A peep into life in Africa, through the eyes of an African Reformed Baptist pastor.

Water, water, water, everywhere. What else do you expect? I am a Baptist, and I live in the land of the mighty Victoria Falls!

Wednesday, September 5, 2012

2012 Annual Reformed Conferences – The Last Day


[Pardon this very late blog post on the last day of the conference. When the conference ended, I ran out of energy due to exhaustion]. This was the final day of the conferences and some people expressed great anticipation for what the Lord had in store. The day began with the prayer meeting at 08.45 hours. I attended the family conference stream, though I was occupied with other matters and so, although I heard what the preachers were dealing with, I was not there consistently enough to follow their lines of argument. Hence, the summaries in his blog post were from the notes taken by Chopo Mwanza and Sydney Kombe, our pastoral interns.

Ronald Kalifungwa preaching at the Family Conference
Pastor Ronald Kalifungwa preached on the cost of missions, using Colossians 1:19-24 as a starting point. He explained what filling up what is lacking in the suffering of Christ meant. Ultimately, it pointed to suffering in the establishment of the church on earth. In practice, Pastor Kalifungwa showed that it demanded being willing to (a) lay aside comforts and security, (b) give our wealth for the sake of the gospel, and (c) laying down our lives.

Pastor Kalifungwa also urged us to avoid a triumphalist mentality because preaching the gospel invariably brings suffering. Rather, we are to rejoice in our suffering for the cause of the extension of God’s kingdom.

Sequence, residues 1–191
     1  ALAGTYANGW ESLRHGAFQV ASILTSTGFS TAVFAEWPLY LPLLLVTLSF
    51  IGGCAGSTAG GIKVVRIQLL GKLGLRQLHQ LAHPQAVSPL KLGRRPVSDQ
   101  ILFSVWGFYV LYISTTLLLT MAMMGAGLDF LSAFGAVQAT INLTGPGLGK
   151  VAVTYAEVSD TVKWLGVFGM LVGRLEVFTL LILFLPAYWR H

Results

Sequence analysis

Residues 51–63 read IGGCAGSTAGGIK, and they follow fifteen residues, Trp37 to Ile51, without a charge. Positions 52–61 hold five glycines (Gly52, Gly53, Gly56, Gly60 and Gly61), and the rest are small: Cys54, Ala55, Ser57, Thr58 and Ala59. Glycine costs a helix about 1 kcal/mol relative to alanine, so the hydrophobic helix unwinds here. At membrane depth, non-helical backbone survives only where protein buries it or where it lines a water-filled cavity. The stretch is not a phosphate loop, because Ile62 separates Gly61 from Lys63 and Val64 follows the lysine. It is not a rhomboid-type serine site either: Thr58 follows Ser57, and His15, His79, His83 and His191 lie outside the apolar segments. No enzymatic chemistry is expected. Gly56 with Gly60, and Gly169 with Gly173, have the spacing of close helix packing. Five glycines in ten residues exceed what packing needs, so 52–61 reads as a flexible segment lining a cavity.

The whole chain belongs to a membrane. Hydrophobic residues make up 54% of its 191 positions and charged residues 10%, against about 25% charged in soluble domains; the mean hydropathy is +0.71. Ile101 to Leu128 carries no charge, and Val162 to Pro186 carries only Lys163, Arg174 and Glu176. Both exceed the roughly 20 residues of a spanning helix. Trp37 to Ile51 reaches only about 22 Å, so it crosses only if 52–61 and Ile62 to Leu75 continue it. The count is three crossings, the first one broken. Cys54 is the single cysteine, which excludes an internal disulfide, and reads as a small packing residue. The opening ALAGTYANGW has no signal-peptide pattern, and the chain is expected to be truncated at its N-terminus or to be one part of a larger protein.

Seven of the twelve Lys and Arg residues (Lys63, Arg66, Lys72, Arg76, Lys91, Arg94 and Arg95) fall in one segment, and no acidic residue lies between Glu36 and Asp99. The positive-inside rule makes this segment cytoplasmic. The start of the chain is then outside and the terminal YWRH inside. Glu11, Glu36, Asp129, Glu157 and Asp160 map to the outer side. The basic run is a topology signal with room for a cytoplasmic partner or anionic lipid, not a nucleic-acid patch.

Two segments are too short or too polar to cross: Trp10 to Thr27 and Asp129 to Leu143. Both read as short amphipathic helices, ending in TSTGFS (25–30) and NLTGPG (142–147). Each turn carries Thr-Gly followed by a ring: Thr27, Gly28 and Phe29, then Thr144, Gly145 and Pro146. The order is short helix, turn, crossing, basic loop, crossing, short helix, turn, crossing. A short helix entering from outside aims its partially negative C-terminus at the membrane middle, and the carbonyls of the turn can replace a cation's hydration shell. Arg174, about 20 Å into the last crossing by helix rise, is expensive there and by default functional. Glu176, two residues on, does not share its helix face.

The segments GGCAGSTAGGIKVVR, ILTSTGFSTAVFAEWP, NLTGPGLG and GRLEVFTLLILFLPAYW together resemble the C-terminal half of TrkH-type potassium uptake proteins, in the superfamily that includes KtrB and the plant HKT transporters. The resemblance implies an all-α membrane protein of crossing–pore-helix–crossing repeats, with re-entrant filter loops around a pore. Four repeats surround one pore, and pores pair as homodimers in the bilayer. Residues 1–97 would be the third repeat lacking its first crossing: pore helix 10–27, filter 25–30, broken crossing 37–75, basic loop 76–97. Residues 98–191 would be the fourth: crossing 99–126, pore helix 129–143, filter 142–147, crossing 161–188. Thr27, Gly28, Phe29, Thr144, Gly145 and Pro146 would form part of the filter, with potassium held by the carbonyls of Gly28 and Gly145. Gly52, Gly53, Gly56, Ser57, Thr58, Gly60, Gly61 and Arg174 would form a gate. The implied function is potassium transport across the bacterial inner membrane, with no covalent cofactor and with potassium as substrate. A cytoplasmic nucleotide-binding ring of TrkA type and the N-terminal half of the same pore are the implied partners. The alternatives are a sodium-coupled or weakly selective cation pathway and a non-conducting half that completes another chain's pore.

Voddie Baucham preaching at the Family Conference
Pastor Voddie Baucham preached on the raising a missions-minded family. He expressed concern about the rise of an anti-biblical form of psychology, which was eroding confidence in the Bible and thus leading to biblical illiteracy. The lack of good role models in parenting only exacerbated matters. All this has resulted in ignorance in most parents in biblical child upbringing.

Pastor Baucham then spoke about the two forms of discipline—formative and corrective discipline. The former encouraged good behaviour while the latter discouraged bad behaviour. He spent some time explaining the biblical place of corporal punishment. Ultimately, he encouraged us to use the Bible to instruct children, bearing in mind that they were sinners in desperate need of the gospel. He ended by emphasising the role of fathers as family shepherds, guiding the family to prioritise worship—which is the goal of missions.

The panel that handled the Question and Answer session
In the afternoon there was a Question and Answer session. Pastors Choolwe Mwetwa and Kabwe Kabwe, and “yours truly”, were on the panel while Thandika Chirwa moderated. There was a healthy flow of questions, largely related to the subjects handled during the week, though some questions were of a general nature. I trust that the Lord helped us to think on our feet and to give biblical answers.

In the evening, the meeting was led by Dubeka Milandu. We also heard how the Lord's work was progressing in the Reformed constituency in Namibia and in Australia. Pastor Voddie Baucham closed the conference by preaching on the famous Great Commission passage at the end of Matthews’ Gospel. He commented that he was sitting at the edge of his seat the whole week, fearing that one of the other preachers would use that text for his sermon. Thankfully, no one did and so he felt at liberty to do so. His powerful sermon dealt with:

The Namibian women always add colour to the conference on the last day